Les hommes ont oublié cette vérité. Mais tu ne dois pas l'oublier, dit le renard. Tu deviens responsable pour toujours de ce que tu as apprivoisé.
Le Petit Prince, chap. 21

Wednesday 6 July 2016

TNR and TVHR as methods to control nuisance from feral cats

Ireland, T., & Neilan, R. M. (2016). A spatial agent-based model of feral cats and analysis of population and nuisance controls. Ecological Modelling, 337, 123-136.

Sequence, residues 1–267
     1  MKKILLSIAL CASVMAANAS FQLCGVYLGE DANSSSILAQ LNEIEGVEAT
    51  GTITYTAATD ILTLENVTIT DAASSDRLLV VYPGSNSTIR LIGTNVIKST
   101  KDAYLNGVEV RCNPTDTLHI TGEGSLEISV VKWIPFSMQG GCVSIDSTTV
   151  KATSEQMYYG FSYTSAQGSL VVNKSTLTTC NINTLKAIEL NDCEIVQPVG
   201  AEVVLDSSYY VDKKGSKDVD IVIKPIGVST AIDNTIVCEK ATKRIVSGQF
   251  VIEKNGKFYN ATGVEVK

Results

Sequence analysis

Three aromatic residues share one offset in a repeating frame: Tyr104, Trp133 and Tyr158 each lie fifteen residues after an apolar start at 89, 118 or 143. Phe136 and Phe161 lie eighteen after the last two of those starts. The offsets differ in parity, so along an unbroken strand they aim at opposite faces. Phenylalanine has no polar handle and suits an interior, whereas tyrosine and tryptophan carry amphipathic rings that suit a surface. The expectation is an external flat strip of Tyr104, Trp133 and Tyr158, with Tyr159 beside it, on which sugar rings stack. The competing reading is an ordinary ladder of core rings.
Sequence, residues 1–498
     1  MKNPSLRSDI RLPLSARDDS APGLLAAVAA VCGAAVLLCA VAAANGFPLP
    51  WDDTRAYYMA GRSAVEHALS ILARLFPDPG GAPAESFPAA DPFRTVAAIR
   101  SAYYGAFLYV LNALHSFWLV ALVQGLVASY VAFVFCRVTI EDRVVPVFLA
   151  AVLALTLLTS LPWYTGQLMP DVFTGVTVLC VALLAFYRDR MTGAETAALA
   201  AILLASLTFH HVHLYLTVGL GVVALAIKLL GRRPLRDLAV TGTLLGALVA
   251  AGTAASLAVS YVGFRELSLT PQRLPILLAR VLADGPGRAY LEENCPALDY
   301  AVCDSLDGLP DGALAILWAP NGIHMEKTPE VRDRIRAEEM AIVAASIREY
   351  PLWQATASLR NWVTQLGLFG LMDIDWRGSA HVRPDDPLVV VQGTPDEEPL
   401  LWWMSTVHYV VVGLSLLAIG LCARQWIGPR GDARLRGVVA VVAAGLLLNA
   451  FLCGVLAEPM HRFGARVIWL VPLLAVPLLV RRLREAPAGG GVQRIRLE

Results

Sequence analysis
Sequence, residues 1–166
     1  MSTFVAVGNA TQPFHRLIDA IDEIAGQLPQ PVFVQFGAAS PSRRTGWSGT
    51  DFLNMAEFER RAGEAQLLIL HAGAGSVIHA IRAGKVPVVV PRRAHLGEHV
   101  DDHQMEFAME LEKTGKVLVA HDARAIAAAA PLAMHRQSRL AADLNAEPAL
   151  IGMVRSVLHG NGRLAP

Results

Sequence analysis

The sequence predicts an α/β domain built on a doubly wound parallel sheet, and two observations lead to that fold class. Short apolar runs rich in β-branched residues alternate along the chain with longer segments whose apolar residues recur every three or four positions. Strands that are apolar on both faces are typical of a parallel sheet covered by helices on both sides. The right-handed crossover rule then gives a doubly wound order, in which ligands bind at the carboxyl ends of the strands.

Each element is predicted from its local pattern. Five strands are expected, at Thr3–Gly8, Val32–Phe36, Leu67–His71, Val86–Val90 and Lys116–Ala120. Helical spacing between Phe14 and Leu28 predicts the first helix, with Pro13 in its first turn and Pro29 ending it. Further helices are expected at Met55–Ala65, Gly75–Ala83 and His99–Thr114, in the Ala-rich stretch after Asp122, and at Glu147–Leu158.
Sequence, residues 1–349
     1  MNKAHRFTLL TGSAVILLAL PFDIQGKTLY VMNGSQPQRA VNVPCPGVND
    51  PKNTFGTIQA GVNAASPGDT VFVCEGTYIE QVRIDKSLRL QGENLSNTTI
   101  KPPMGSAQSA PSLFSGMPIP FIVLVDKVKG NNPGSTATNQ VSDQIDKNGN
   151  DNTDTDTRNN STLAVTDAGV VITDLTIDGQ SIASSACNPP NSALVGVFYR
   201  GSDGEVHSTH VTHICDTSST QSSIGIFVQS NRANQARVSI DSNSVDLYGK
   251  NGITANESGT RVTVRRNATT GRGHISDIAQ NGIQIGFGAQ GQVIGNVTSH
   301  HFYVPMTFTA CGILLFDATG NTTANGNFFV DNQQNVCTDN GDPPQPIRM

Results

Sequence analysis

Free-roaming feral cats are common in areas of concentrated human habitation, and can pose considerable threats of nuisance and damage to native ecosystems. Trap-neuter-return (TNR) and trap-vasectomy-hysterectomy-return (TVHR) are two humane methods for the reproductive control of feral cat populations. Both TNR and TVHR render a cat infertile, but cats that have undergone TVHR continue to produce hormones that drive mating behaviors. We built a stochastic agent-based computational model for simulating the survival, reproduction, and movement of individual feral cats and the use of TNR and TVHR to modify cats’ reproductive abilities and behaviors. Daily movement of cats between colonies is implemented based on the distance between colonies and landscape properties (e.g. rural, urban). Spatially targeted TNR and TVHR policies are evaluated using two management goals: (1) reduce total population size and (2) reduce nuisance attributed to feral cats. Nuisance includes spraying and noise, both of which are associated with un-neutered males, as well as population abundance. Results indicate that both TNR and TVHR have the potential to greatly reduce population size. Effectiveness of each control depends on the capture rate, number of colonies targeted, size of each colony, and movement of individual cats between colonies. Results show that on average TVHR performs moderately better than TNR at reducing population size, but TNR substantially outperforms TVHR in reducing multiple nuisance measures.

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